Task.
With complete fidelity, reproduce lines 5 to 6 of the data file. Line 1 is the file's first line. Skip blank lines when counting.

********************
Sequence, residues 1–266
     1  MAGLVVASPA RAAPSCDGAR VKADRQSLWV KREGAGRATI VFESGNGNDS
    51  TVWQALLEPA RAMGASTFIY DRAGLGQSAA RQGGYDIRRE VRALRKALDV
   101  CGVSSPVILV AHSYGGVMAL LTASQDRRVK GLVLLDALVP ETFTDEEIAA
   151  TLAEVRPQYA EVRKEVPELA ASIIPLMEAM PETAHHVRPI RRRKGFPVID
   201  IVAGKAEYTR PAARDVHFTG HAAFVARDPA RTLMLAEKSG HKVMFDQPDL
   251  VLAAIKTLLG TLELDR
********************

   151  TLAEVRPQYA EVRKEVPELA ASIIPLMEAM PETAHHVRPI RRRKGFPVID
   201  IVAGKAEYTR PAARDVHFTG HAAFVARDPA RTLMLAEKSG HKVMFDQPDL